Stoned Age Graffiti

I hesitate to mention to you ‘all’ that this is planned as part one of three as that might jinx the plan. i think talking of –even thinking of– good things that can happen contributes to them not happening. i do think that part of my constant talking about how bad things are happening is a way to jinx that.

I’m not some kind of Paleolithic animist. i don’t think that there are demons out there trying to mess with me. don’t need no stinkin’ demons, there are enough real people are doing that. so here consumerism burns wealth; a smart phone roasts a debit card. and by that light hunters and gatherers, hunt and gather. in a deeper part of the cave the artist has made some art, with stone age (20th century, really) tools; with pen and wine by an incandescent bulb.

Some say back then, that the artist worked isolated and alone to assure a good hunt and successful gatherings by his ad hoc icons. but he was still part of the team. others give it a more shamanistic, solitary turn, saying that his going to the dark, dangerous part of the cave is more important than the drawing left there unseen. the art more tagging than iconography; the gesture more of sacrifice than of camaraderie.

For Peircian icons similarity is identity, and for X-ian icons St. Basil the Great said “The honor shown the image passes over to the archetype.” an animist society could think that having a well-done drawing of a beast would lead to having one in their larder. therefore iconographers would have been well thought of.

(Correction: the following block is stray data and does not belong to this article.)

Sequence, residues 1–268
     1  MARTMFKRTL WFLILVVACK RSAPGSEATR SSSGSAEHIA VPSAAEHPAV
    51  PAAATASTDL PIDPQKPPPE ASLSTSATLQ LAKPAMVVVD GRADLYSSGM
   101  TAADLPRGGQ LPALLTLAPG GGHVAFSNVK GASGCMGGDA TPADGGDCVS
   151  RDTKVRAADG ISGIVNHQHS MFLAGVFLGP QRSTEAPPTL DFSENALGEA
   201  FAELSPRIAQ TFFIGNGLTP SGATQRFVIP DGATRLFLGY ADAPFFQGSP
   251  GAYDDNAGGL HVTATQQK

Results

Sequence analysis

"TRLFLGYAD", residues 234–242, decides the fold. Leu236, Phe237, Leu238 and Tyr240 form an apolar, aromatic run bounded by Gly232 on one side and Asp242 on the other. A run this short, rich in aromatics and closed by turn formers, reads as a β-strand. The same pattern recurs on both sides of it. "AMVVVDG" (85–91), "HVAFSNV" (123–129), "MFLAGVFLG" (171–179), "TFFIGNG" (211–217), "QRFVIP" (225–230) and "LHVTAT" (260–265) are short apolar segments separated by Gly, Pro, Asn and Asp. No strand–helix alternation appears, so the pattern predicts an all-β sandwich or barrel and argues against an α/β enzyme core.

The shaman-artist would return –if he survived– to the bright, safe part of the cave where his insights were listened to and acted on. he’d get a share of the bounty as compensation for his trouble. sure ain’t happening that way here, the hunters and gatherers are too busy acting on their own urges. were shamans’ visions respected back then or were they thought of as schizophrenic hallucinations as there are now? perhaps.

Then there is R. Dale Guthrie who says –i think, i’ve only read summaries and reviews of his $45 book– the artists back then were just kids. but everyone a kid was then, nobody lived long. they made art for whatever reasons artist do today; they made art of what they saw and what concerned them. being teenagers that was wild animals, wild sex, wild behavior in general. it’s a reasonable hypothesis.

This drawing mixes all that, the real upper paleolithic times and a modern artist’s youth. the other 2 drawings –knock on wood, i get to them– are of that now, far from young youth’s  present and future epochs.  here he’s drawn what he’s seen, what concerned him. he’s made a icon of the hunter and gatherer otherwise occupied, though he’s now more careful what he wishes for.  He hopes the shaman-artist combo is crap too, as his visions depress him.